This morning’s New York Times reports that the FDA is now echoing what many scientists and industry experts have been saying for weeks: the contaminated stores of heparin that have been associated with 81 deaths and 785 severe allergic reactions in the U.S. was likely adulterated on purpose. In March, the FDA issued a major recall of heparin following increasing reports of adverse reactions and deaths connected with the drug.
Tests have shown that heparin components made by a company in China (Changzhou SPL) were contaminated by a manipulated form of a dietary supplement, oversulfated chondroitin sulfate. Because the cheaper additive resembles heparin, routine screening didn’t reveal the contamination. Contaminants comprised up to a third of some heparin samples that were tested. Dr. Janet Woodcock, director of the Food and Drug Administration’s drug center explained, “[I]t does strain one’s credulity to suggest that might have been done accidentally.”
Heparin is a blood thinner used in dialysis, heart surgery and other medical treatments. Components, known as active pharmaceutical ingredients or APIs, of the drug were made by the Chinese company and then used by Baxter International to manufacture the final product.
Earlier this week family members whose loved ones had died after receiving the drug spoke before a Congressional subcommittee, as did FDA officials and leaders of Baxter International, who support the claim that the heparin ingredient was deliberately contaminated.
The incident has caused a major uproar on Capitol Hill with members bearing their teeth for cameras. As recent commentary in the New England Journal of Medicine notes, the target of their ire is the FDA, the federal agency in charge of regulating “$1 trillion of consumer products or 25% of the U.S. consumer economy” with a budget of “$1.57 billion — less than 75% of the budget for the school district in its home county in Maryland.” The FDA doesn’t have anywhere in the ball park enough to cover the inspection needs of today’s global marketplace. At best, the agency has the manpower and funding to inspect 7% of foreign drug/API manufacturers. Despite switching to a risk-based model to prioritize inspections, the inspection system is fraught with issues, including an inability to perform inspections without notification and limitations in inspection thoroughness because of inadequate translation services.
While the FDA is being grilled over hot coals, little if any complaint is being directed at Baxter International itself, the company that outsourced the production of the heparin components in order to enhance its profit and not conduct its own inspections to ensure safe manufacturing practices. Before the anti-capitalist accusations start slinging our way, it’s important to note that we have nothing against companies making money. (Shouldn’t that be obvious?) But the question of the day is who will protect consumers from the deleterious effects of adulterated drugs? Call us what you will, but we believe people should be able to take the drugs they need without wondering if they’re getting what the label says they’re getting or if they’re playing a medical version of Russian roulette.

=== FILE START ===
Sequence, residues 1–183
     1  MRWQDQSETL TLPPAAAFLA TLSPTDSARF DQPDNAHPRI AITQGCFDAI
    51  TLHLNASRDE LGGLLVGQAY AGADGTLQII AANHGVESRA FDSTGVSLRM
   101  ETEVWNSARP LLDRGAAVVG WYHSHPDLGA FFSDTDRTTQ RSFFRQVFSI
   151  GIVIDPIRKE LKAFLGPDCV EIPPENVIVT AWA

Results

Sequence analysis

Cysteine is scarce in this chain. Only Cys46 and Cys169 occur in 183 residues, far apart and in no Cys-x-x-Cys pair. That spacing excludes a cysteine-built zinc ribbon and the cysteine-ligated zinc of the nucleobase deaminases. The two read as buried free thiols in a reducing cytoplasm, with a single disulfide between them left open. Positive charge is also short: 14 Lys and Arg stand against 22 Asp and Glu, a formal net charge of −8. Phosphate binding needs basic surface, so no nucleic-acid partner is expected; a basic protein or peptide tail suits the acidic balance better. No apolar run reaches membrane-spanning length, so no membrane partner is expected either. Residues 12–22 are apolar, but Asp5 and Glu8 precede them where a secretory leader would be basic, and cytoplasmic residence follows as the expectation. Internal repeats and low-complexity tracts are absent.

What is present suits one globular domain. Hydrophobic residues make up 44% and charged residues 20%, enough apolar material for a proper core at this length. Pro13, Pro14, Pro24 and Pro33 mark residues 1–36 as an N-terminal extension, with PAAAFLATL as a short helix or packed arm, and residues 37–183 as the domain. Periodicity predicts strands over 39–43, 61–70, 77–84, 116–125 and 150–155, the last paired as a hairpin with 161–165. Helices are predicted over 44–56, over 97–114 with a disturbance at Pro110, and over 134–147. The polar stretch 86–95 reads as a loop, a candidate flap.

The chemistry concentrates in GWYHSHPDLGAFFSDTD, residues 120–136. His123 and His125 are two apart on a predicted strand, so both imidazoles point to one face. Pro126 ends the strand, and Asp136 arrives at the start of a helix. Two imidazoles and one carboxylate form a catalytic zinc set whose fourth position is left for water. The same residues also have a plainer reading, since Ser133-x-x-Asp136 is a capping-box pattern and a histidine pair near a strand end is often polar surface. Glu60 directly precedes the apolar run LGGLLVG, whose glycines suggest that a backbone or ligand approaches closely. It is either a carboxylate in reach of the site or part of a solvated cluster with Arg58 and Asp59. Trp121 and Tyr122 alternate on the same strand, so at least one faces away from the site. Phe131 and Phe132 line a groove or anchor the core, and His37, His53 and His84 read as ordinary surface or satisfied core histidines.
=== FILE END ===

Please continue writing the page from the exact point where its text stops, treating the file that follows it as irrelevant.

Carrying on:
And as for the argument that the companies will choose to ensure safe practices in order to avoid lawsuit? Well, the heparin controversy is case in point to show companies don’t always operate on those principles. Some do, some don’t. And it may only get worse. As another commentary from last week’s NEJM noted, this February the Supreme Court ruled that FDA approval of medical devices “precludes lawsuits brought by patients against the manufacturer over adverse events in state courts.” As a result of this ruling, patients cannot bring a lawsuit (or truly expect to win one anyway) when harmed by a medical device that the FDA has previously certified as “generally safe and effective.” The Supreme Court will hear a “similar case” regarding pharmaceuticals later this year. This should get interesting.
We aren’t, are not, in no way, shape or form, arguing against a free market. But the “market,” as we know, serves people – mothers, fathers, kids, grandparents, neighbors and friends. We simply can’t have it every way: no inspection responsibility for manufacturers, no real money or authority for a federal regulation agency, and (potentially, later this year) no recourse for patients and their families.
With more than 80% of drugs or pharmaceutical components now made in other countries (primarily China and India) the problem isn’t going to magically dissipate into the atmosphere (although it might disappear into the back pages of newspapers for a while as other events grab the media’s attention). Fixing this debacle takes some hard questioning about how we want our system to operate. The question becomes: who should we trust as we swallow that prescription? Bottom’s up!
Tell us what you think.
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